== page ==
Benjamin Heath Malkin
Another such writer was Benjamin Heath Malkin (1769-1842), schoolmaster, scholar and antiquarian1. Throughout his teaching career, Malkin published both historical and creative works on many subjects. The Scenery, Antiquities and Biography of South Wales reveals Malkin's taste for the picturesque; this topographical work was written following Malkin’s 1803 tour of South Wales and is considered one of the best travel books of its kind, displaying his acute observation and considerable knowledge of Welsh history.
In the first chapter “On the Legends, Traditions and History of Wales”, Malkin provides a straightforward description of the extent and history Offa’s Dyke including the legend that:
“King Harold made a law, that whatsoever Welsh transcended this dike with any kind of weapon, should have, upon apprehension, his right hand cut off”
Echoing Camden, Malkin describes the neglect into which the ditch fell following the death of Offa, relating:
“the uncertainty, in which the definition of its limits was involved in after times, as well as to the encroaching spirit of the English, who, while the countries remained separate, broke in upon their neighbours, wherever the evidence of the visible boundary became defective through time and neglect”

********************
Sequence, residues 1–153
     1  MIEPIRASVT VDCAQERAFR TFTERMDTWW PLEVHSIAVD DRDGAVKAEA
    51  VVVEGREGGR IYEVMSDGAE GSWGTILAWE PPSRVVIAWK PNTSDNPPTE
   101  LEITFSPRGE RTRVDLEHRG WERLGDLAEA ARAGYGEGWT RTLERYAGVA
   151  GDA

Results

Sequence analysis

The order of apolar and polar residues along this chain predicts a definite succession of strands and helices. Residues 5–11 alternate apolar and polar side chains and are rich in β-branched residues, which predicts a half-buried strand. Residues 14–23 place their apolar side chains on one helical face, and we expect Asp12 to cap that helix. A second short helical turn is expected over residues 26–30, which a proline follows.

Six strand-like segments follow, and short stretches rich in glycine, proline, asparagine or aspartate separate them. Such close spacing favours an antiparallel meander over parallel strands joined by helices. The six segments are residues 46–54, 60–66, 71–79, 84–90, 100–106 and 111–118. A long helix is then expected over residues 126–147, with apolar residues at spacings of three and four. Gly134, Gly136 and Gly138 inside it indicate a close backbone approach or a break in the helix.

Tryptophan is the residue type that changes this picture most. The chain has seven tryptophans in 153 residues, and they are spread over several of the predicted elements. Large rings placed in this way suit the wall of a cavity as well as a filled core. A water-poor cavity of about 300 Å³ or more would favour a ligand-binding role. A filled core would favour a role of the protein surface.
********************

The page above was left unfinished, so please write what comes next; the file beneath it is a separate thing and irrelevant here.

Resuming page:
Malkin, like Rees, then presents us with an extract from the Poly-Olbion to illustrate his point; here Drayton anthropomorphises the rivers of the Wales, who lament the ambiguity regarding the extent of Welsh territory following the decline of the frontier, and Wales’ vulnerability to its larger neighbour:
To Salop when herself clear Sabrine comes to shew
"On the Severn a few miles from Llanidloes” Pugh, Edward, 1816. Cambria Depicta: a tour through North Wales: illustrated with picturesque views. London: W. Clowes for E. Williams (PHI 01228)
And wisely her bethinks the way she had to go, South-westward cast her course; and with an amorous eye Those countries whence she came surveyeth (passing by) Those lands in ancient times old Cambria claim’d her due, For refuge when to her th’ oppressed Britons flew; By England now usurp’d, who (past the wonted meers, Her sure and sovereign banks) had taken sundry shires, Which she her marches made: whereby those hills of fame And rivers stood disgrace’d; accounting it their shame That all without that mound which Mercian Offa cast To run from north to south, athwart the Cambrian waste, Could England not suffice, but that the struggling Wye Which in the heart of Wales was sometimes said to lye, Now only for her bound proud England did prefer.
Extract from the Eighth Song of Drayton’s Poly Olbion describing the Course of the Rivers Severn (Sabrine) and Wye
From: Malkin, Benjamin, 1804. The scenery, antiquities, and biography, of South Wales: from materials collected during two excursions in the year 1803, embellished with views, drawn on the spot and engraved by Laporte, and a map of the country.London: Printed for T. N. Longman and O. Rees (BUR 00151)
Notes: 1. http://www.oxforddnb.com/view/article/17885 (accessed 17/07/13)